Lorna Grace Peires v. Bickerton Aerodromes Ltd [2016] EWHC 560 (Ch)

Background

The claimant owned a property near to the defendant's aerodrome. One of the activities at the aerodrome was the taking off and landing of helicopters during training exercises (the Activity). The claimant alleged the defendant was liable for causing a private nuisance due to the noise of the Activity.

Issues considered by the court

The court considered the parties' stance on the nature and frequency of the noise of the Activity, which were unsurprisingly polarised: the claimant argued that the noise of the Activity was excessive and unreasonable. The defendant argued that the noise of the Activity was neither excessive nor unreasonable and no worse than other operations at the aerodrome.

The court grappled with the law (arguably with mixed results) on the acquisition of a right to commit a nuisance by prescription. The defendant argued that, as helicopter activity had commenced at the aerodrome in the early 1960s, it had acquired a prescriptive right to carry on the Activity.

The court also considered whether the defendant's activities were not a nuisance because they were not liable for the actions of their licensees (the helicopter pilots) and/or within limited statutory defences provided by, amongst other legislation, the Civil Aviation Act 1982.

Decision:

Peter Smith J granted an injunction in favour of the claimant to regulate the future operation of the Activity. He considered it was an unreasonable nuisance and an unreasonable interference with the claimant's use of her property.

Reasoning:

Peter Smith J acknowledged that in certain circumstances the right to make a noise nuisance can be established by prescription. His judgment identified three difficulties in his view to establishing such a right:

  • the defendant has to show 20 years' continuous use, which can only begin when the noise amounts to a nuisance;
  • how to establish the precise extent of the right to cause a noise nuisance which has actually been acquired;
  • how much more noise (if any) can be emitted pursuant to the claimed right than had been emitted in the 20-year use.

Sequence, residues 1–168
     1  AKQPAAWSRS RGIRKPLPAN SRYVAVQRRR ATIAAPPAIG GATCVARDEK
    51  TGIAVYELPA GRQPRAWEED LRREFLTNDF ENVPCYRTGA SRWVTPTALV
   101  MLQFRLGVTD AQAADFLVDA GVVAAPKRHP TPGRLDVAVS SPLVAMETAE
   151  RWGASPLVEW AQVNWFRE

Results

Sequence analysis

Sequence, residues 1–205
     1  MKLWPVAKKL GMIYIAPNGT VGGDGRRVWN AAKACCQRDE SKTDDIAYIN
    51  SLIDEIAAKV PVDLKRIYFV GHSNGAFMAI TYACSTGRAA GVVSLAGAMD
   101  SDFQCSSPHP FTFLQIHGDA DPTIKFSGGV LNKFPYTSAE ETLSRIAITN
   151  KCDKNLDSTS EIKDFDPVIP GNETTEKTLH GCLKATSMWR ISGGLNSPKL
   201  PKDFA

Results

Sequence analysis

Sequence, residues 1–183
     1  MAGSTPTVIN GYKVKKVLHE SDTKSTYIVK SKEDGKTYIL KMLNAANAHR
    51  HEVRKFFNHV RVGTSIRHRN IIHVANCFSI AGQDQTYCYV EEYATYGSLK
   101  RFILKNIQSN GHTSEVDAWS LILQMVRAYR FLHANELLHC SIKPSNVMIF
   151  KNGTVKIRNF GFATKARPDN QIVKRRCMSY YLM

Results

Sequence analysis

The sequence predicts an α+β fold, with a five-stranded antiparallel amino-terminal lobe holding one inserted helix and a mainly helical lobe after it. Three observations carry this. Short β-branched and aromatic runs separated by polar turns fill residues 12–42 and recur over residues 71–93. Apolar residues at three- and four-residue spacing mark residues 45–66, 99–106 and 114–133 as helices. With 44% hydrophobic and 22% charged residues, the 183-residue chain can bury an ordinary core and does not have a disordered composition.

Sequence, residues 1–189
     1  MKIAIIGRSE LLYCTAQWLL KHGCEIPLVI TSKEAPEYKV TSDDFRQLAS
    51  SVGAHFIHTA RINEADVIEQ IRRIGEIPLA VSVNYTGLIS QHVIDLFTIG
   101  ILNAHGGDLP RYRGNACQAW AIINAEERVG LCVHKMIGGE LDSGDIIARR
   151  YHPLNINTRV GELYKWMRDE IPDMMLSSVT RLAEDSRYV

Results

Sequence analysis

Peter Smith J rejected the claim that the defendant had acquired a prescriptive right to cause a noise nuisance as (i) the Activity had been carried on despite protests and therefore an easement cannot have been acquired as it would have been established by force and (ii) it had provided no evidence about the extent of noise created by the Activity before 2014 and therefore had not shown what would be the defined level of noise that falls within the claimed right.

The court followed Coventry v. Lawrence and dismissed the argument that the defendant was not liable for the noise caused by the activity of its licensees as it directly sanctioned the activity. All statutory defences were also dismissed as inapplicable to the facts of this case.

Points to consider:

  • Further judgments are welcomed to gauge whether Coventry v. Lawrence will represent the high watermark of the principle that a party can acquire a prescriptive right to cause a noise nuisance.
  • There appears to be further scope for the further development of the law on the acquisition of an easement to perpetrate a noise nuisance. The judgment arguably marks a departure from Lord Neuberger's approach in Coventry when assessing this issue alongside the balancing exercise between (i) the right of a person to the undisturbed nature of its property against (ii) the right of a person to use its own property for its own lawful enjoyment.
  • If parties are going to allege they have acquired a prescriptive right to cause a noise nuisance, they will have to think carefully about how they formulate their evidence on (i) when the nuisance allegedly began and (ii) the precise nature of the easement that it is seeking to establish.
  • Parties must engage with objections about alleged noise nuisance even if the activity has been carried on for a number of years as easements cannot be established by force.
  • Parties should consider whether the nature of the noise changed and, if so, the impact on their position. Peter Smith J commented that helicopters in flight in the 1960s differ markedly from those in flight today.
  • Besides the threat of injunctions, a noise emitter may also be liable for substantial damages to reflect the capital diminution in value of neighbouring properties as a result of the noise nuisance.